Mitochondrial compartmentalization: emerging themes in structure and function

Joseph C. Iovine, Steven M. Claypool, Nathan N. Alder

Research output: Contribution to journalReview articlepeer-review


Within cellular structures, compartmentalization is the concept of spatial segregation of macromolecules, metabolites, and biochemical pathways. Therefore, this concept bridges organellar structure and function. Mitochondria are morphologically complex, partitioned into several subcompartments by a topologically elaborate two-membrane system. They are also dynamically polymorphic, undergoing morphogenesis events with an extent and frequency that is only now being appreciated. Thus, mitochondrial compartmentalization is something that must be considered both spatially and temporally. Here, we review new developments in how mitochondrial structure is established and regulated, the factors that underpin the distribution of lipids and proteins, and how they spatially demarcate locations of myriad mitochondrial processes. Consistent with its pre-eminence, disturbed mitochondrial compartmentalization contributes to the dysfunction associated with heritable and aging-related diseases.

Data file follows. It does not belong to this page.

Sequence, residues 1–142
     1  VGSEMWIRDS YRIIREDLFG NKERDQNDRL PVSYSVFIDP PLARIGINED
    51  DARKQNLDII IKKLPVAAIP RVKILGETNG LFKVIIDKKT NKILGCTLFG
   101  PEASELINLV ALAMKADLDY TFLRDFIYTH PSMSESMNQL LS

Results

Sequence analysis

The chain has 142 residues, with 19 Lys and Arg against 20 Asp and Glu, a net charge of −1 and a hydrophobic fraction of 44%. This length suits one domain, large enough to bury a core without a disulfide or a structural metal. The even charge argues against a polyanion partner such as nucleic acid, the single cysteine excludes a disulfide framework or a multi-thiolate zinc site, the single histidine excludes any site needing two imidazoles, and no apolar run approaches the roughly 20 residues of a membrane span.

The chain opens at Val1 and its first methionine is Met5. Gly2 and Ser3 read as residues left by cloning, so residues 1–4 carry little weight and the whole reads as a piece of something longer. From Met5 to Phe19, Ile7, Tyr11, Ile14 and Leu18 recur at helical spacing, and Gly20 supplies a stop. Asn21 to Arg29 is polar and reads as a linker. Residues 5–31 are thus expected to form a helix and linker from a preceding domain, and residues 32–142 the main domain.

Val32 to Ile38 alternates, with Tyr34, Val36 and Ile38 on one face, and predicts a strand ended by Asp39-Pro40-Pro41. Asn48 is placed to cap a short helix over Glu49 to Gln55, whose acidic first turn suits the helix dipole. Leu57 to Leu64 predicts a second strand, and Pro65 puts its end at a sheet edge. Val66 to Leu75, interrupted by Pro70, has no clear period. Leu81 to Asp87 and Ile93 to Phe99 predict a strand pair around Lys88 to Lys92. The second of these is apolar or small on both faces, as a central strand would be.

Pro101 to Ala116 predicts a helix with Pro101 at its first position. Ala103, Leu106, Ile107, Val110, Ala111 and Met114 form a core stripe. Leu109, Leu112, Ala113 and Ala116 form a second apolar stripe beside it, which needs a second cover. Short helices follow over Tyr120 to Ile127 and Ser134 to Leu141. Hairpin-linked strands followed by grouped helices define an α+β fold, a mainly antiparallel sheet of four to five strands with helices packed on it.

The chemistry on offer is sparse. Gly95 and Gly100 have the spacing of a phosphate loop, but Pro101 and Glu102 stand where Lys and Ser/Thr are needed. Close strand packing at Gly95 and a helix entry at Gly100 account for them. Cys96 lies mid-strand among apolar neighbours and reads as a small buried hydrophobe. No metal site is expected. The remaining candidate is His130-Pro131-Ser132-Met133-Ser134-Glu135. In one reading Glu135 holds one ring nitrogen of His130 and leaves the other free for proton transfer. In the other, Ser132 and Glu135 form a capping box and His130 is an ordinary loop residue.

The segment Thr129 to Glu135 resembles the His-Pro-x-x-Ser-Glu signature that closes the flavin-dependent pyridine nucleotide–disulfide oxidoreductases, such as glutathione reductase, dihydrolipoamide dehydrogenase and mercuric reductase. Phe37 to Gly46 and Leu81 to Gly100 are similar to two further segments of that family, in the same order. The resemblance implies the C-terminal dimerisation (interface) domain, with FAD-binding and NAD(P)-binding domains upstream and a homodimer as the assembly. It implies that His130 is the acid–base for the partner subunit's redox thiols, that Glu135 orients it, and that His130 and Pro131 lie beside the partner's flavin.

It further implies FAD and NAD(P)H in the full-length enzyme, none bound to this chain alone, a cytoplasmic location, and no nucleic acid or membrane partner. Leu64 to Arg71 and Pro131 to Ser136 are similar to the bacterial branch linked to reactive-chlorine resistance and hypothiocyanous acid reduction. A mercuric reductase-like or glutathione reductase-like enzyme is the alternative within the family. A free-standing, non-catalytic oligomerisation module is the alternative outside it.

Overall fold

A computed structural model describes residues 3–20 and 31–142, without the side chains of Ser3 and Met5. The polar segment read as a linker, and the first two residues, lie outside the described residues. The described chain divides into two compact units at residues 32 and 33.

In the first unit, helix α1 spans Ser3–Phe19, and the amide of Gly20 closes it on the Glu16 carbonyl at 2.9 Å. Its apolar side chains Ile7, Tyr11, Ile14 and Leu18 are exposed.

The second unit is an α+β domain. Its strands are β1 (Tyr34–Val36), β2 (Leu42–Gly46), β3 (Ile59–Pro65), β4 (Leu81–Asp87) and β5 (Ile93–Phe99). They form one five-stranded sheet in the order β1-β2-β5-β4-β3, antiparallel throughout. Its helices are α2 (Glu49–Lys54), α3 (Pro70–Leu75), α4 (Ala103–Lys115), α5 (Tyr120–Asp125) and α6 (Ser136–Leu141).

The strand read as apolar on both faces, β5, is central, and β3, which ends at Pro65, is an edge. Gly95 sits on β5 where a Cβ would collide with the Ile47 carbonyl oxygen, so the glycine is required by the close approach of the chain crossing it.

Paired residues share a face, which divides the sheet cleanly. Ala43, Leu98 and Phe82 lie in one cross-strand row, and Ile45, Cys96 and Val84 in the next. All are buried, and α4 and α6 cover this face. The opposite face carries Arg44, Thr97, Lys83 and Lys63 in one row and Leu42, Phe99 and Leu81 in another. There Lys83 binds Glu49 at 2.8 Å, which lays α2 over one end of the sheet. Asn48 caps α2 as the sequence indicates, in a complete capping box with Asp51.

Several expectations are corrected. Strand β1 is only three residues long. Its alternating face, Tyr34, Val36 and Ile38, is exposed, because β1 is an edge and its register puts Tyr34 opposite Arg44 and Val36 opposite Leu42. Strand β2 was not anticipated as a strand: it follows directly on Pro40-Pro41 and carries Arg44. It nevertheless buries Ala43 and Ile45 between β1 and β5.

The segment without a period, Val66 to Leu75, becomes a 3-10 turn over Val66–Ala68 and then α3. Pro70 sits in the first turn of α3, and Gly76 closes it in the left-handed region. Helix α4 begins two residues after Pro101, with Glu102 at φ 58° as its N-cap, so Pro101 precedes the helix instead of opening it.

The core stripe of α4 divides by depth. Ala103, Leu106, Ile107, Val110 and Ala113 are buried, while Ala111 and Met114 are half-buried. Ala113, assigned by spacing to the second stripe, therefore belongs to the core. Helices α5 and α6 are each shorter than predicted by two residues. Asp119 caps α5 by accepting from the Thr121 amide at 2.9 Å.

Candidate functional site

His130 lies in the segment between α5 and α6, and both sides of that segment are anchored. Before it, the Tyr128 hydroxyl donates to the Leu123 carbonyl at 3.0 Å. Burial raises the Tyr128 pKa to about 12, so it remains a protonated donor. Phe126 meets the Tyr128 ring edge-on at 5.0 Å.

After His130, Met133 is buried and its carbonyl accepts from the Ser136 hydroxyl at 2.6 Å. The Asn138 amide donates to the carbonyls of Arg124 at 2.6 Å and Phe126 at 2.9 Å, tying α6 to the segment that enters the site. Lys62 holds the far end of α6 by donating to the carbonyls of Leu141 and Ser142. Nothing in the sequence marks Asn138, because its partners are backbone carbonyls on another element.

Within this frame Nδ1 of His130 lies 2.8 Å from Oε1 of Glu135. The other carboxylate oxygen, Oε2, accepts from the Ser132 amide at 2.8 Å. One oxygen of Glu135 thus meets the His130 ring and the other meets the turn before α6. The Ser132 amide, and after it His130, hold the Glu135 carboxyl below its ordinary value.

Original languageEnglish (US)
Pages (from-to)902-917
Number of pages16
JournalTrends in biochemical sciences
Issue number11
StatePublished - Nov 2021


  • bioenergetics
  • cristae
  • macromolecular trafficking
  • mitochondria
  • morphogenesis
  • ultrastructure

ASJC Scopus subject areas

  • Biochemistry
  • Molecular Biology


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